Sat, Dec 20, 2003 - Page 9 News List

Return of Ethiopian monolith raises questions of cultural looting

By Frank Bruni  /  NY TIMES NEWS SERVICE , Rome

The planning for the trip took nearly a year, and that followed decades of delays, broken promises and uncertainty about whether it would ever happen.

The packing is taking months, as special computers and jittery engineers painstakingly monitor the process.

Seldom has the movement of an object entailed so much waiting and worrying, friction and fuss. But then the monolith in question is going a long way, from Italy to Ethiopia, and carries with it an epic history of conflicts big and small.

More than six decades ago, a grasping, striving and not altogether pleasant imperialist named Benito Mussolini invaded Ethiopia and plundered some of its treasures, including a roughly 80-foot-high, 200-tonne obelisk from the ancient city of Aksum. He hauled it back to Rome in 1937 and put it in front of a structure here built to house a ministry for Italian colonies.

That building is now the headquarters of the UN Food and Agriculture Organization, and that carved granite pillar is now being dismantled, section by section, for transport back to Aksum, where it was first erected some 1,700 years ago.

For Ethiopians, it is a matter of sweet, overdue justice.

"It was about time," said Mengistu Hulluka, the Ethiopian ambassador to Italy.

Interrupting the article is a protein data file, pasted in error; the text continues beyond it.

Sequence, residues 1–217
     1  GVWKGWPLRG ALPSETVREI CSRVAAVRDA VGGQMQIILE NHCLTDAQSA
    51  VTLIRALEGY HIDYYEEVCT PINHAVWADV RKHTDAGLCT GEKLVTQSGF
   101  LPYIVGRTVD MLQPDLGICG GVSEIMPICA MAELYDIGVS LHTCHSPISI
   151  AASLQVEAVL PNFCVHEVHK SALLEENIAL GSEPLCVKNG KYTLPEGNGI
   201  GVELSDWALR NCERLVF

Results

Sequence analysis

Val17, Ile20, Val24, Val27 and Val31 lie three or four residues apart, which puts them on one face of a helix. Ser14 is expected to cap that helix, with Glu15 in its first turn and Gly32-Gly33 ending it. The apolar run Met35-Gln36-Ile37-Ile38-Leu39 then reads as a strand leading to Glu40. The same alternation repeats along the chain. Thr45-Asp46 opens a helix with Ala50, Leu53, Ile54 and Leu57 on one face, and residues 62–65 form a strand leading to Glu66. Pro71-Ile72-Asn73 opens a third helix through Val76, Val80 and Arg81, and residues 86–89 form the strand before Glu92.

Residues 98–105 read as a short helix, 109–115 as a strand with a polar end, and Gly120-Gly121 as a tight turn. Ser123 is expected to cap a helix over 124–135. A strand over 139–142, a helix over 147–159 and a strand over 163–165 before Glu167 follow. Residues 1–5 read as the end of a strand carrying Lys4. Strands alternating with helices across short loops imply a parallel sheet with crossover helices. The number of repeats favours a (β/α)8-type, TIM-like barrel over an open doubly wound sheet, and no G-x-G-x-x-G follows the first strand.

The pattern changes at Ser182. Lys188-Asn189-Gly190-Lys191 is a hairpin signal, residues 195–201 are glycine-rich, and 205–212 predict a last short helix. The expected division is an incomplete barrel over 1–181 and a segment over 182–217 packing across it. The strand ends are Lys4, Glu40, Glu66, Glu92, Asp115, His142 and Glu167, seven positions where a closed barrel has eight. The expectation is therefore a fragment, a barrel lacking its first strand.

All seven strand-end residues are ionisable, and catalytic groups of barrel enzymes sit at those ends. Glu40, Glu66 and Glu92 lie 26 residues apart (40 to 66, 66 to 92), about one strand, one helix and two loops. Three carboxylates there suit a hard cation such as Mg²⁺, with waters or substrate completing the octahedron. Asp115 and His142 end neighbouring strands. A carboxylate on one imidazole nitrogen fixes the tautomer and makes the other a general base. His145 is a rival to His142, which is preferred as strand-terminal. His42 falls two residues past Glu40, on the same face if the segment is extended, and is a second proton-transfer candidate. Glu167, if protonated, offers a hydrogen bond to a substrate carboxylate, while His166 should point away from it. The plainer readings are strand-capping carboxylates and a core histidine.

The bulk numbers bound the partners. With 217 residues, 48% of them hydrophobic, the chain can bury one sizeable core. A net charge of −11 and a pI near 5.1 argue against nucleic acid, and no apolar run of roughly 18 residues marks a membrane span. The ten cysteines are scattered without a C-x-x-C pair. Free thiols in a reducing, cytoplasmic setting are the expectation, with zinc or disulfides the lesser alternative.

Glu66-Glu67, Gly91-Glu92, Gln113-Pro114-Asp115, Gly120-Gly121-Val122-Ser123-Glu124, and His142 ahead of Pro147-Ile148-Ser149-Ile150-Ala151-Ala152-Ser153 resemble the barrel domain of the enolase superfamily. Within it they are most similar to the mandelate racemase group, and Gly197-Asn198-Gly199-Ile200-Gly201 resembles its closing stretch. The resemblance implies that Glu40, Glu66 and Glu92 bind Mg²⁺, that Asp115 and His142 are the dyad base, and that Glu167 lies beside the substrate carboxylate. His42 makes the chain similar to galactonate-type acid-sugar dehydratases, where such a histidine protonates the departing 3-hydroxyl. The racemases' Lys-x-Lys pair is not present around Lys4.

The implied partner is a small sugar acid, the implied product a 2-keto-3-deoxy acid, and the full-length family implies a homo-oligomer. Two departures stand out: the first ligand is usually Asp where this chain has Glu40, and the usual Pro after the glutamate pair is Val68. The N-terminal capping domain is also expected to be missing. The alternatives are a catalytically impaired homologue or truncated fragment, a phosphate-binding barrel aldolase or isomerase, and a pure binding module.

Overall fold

But the significance of the obelisk's transfer is more than emotional. Its return to Ethiopia also reflects changes in Italy's attitudes toward its Fascist past and a wider re-examination of whether countries should be able to keep works of art taken from other lands.

European museums are full of what can be seen as cultural loot, and European governments have long been reluctant to part with it.

Italy held on to the Aksum obelisk despite a 1947 UN peace treaty that mandated its return and several subsequent formal agreements between Italy and Ethiopia that the obelisk should and would go home.

Italy held on to the obelisk even though it did not demonstrate any particular appreciation for it.

The obelisk did not tower over the center of one of Rome's many grand and glorious squares. It stood, instead, beside a noisy, traffic-choked intersection, without a plaque or anything else to alert passers-by to its antiquity.

"There was no label!" said Tarekegne Taka, a leader of Ethiopians in Italy, his voice booming with indignation. "Not even a label!"

It was, Taka said, as if the Italians were "trying to hide it in the middle of Rome."

The reality was perhaps less devious but no more flattering to Italy. Hulluka said one of the biggest problems was the rapid turnover of Italian leaders.

"We would negotiate with one government," he said, "and then the government would change." Italy has had more than 50 governments since the end of World War II.

From one of those governments to the next, a general reluctance persisted, and so did a fierce core of opposition by Italian conservatives. They asserted that the victor really should hold on to the spoils and that Ethiopia was too poor and unstable to guarantee the artifact's safety.

"You can be poor and still have your pride," Taka, said adding that Ethiopia's troubles made it even more eager to have the obelisk, a remnant and reminder of all that Ethiopians had been able to accomplish in the past.

As for how well Ethiopia could tend to the artifact, he said: "That's our business. The Italians have neglected their own national monuments for centuries, even though their tourism industry depends on them."

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